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What are your thoughts on the Fort McMurray wildfire?

A routine forest fire, the wind shifts, and suddenly terrified inhabitants are fleeing through apocalyptic walls of flame, pillars of smoke and flying cinders. What will it take to recover? What are your thoughts? With host, Duncan McCue.
Tyra Abo sits on a cot at a makeshift evacuee center in Lac la Biche, Alberta on May 5, 2016, after fleeing forest fires north of Fort McMurray. (Cole Burston/AFP/Getty Images)
Listen to the full episode1:53:00

A routine forest fire, the wind shifts, and suddenly terrified inhabitants are fleeing through apocalyptic walls of flame, pillars of smoke and flying cinders. What will it take to recover? What are your thoughts? With guest host, Duncan McCue.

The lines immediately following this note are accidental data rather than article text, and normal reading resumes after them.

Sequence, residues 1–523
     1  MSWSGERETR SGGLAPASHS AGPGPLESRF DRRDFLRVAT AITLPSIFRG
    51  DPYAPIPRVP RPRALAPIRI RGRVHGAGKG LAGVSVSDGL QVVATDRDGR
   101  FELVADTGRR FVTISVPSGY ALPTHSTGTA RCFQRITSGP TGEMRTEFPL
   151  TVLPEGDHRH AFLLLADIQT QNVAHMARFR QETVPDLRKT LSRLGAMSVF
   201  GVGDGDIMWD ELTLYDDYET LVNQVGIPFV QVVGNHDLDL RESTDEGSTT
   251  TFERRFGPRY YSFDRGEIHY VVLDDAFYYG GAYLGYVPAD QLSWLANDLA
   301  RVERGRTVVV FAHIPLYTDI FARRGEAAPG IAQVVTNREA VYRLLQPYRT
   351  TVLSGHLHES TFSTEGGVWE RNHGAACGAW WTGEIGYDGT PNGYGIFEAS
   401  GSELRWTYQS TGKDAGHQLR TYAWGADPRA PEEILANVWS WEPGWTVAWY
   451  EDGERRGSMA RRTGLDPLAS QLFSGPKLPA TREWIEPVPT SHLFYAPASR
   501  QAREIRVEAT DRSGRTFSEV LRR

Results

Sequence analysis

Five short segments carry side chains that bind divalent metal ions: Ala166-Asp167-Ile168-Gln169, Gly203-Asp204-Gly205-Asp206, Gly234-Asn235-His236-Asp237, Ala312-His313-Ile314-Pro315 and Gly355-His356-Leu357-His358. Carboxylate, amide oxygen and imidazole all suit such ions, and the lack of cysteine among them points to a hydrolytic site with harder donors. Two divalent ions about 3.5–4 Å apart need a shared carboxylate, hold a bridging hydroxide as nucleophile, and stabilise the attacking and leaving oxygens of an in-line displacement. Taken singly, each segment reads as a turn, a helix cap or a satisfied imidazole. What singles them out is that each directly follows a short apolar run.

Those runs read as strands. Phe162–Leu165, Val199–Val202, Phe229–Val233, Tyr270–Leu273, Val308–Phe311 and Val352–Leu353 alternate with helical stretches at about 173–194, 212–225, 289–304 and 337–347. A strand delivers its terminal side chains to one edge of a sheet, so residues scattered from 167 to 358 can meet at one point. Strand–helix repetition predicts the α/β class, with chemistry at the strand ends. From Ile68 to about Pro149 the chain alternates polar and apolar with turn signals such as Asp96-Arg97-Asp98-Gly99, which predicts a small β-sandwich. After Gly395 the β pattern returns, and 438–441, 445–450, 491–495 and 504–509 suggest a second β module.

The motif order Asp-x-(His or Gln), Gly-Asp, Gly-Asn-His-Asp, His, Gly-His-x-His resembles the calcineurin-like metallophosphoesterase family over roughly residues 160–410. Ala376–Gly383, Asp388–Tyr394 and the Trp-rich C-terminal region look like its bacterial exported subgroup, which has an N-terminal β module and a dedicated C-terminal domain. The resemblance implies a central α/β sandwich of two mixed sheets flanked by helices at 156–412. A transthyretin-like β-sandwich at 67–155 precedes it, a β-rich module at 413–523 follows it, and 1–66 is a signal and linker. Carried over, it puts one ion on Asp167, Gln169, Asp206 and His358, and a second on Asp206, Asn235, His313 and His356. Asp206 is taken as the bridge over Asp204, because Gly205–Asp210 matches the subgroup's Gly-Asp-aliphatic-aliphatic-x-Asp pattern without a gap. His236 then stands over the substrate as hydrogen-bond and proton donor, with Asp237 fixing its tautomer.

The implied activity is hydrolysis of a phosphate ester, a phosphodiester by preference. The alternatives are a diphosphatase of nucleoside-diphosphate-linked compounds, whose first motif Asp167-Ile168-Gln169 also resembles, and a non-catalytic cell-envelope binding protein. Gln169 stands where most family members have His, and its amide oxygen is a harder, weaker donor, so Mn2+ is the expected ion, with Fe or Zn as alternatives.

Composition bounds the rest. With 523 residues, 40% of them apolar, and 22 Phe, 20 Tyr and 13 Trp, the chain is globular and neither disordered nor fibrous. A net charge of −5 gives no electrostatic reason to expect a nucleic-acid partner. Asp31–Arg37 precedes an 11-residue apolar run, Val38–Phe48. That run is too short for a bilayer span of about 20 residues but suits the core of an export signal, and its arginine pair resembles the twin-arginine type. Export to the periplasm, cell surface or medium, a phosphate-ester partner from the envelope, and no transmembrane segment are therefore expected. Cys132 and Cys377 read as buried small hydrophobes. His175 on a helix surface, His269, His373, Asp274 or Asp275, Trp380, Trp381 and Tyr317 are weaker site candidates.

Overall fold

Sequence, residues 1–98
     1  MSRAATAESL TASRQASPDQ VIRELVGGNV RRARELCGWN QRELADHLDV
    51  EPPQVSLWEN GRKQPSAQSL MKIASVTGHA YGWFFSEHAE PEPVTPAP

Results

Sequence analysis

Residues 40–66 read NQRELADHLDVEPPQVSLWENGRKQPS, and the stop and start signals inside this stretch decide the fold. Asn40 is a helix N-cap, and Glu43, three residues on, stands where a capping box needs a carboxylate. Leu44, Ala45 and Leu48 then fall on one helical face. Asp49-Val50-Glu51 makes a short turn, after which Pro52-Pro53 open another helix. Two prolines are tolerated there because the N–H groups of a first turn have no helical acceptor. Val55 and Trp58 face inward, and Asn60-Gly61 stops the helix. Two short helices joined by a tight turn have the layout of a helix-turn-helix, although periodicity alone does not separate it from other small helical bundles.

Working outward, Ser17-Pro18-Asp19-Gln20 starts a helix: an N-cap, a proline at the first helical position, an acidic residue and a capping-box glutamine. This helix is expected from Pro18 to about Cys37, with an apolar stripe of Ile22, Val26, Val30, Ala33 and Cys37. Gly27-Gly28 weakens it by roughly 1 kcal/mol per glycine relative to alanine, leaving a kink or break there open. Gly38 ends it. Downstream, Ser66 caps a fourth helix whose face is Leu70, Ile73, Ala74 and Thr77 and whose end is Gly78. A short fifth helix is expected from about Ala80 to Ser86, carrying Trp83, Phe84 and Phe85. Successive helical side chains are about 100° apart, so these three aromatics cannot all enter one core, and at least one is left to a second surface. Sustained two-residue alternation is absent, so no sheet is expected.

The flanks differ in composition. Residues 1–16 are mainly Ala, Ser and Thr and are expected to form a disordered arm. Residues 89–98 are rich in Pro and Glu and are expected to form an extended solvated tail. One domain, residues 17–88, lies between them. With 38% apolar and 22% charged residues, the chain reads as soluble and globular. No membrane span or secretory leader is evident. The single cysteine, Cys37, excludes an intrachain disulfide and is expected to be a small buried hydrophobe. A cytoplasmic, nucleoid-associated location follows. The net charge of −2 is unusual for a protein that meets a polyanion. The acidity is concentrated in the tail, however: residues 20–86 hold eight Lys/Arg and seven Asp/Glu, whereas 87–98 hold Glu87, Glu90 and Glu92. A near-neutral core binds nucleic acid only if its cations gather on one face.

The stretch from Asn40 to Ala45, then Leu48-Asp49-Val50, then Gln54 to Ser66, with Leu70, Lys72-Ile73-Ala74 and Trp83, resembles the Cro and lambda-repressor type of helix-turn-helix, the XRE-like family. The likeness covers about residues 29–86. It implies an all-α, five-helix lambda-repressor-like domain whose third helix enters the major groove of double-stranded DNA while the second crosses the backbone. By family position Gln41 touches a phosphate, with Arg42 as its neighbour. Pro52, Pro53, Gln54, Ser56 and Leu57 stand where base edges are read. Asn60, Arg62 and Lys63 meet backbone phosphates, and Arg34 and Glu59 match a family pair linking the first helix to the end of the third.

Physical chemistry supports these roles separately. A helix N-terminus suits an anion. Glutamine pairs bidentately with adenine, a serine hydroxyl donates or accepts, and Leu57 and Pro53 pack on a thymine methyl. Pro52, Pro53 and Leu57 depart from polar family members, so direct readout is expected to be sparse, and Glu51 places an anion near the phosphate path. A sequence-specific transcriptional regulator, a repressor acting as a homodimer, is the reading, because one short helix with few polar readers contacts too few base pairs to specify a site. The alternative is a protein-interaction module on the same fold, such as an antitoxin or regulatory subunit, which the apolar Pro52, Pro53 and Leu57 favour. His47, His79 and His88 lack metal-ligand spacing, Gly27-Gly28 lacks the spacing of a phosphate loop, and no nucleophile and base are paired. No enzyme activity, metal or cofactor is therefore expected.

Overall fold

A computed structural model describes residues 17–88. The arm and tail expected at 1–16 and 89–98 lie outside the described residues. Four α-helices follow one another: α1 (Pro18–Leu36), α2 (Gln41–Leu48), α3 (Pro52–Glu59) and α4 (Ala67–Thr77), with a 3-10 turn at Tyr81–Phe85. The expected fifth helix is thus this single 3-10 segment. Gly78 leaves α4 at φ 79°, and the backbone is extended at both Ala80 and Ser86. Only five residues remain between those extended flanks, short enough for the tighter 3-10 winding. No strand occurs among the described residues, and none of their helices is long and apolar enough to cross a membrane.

A routine forest fire, the wind shifts, and suddenly terrified inhabitants are fleeing through apocalyptic walls of flame, pillars of smoke and flying cinders. 

It's a miracle that so many got out of Fort McMurray alive. Close to 90,000 people were evacuated from the area when a wildfire on the edge of the city suddenly shifted direction and jumped across the Athabasca River.

The speed, the ferocity and the unpredictability of the fire caught even the experts by surprise. And many of us watched helplessly from a distance as it played out on screens across the country.

Following the fire and evacuation of Fort McMurray what are your thoughts? And what is it going to take for Fort Mac to recover?

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Guests

Mike Allen is a resident of Fort McMurray, and a former Alberta MLA for Fort McMurray-Wood Buffalo.

Colleen Malone is a senior humanitarian advisor with Save the Children.

Robert Gray is a fire ecologist with R.W. Gray Consulting Ltd. He is based in Chilliwack, British Columbia.

Paul Kovacs is founder and executive director of the Institute for Catastrophic Loss Reduction at Western University.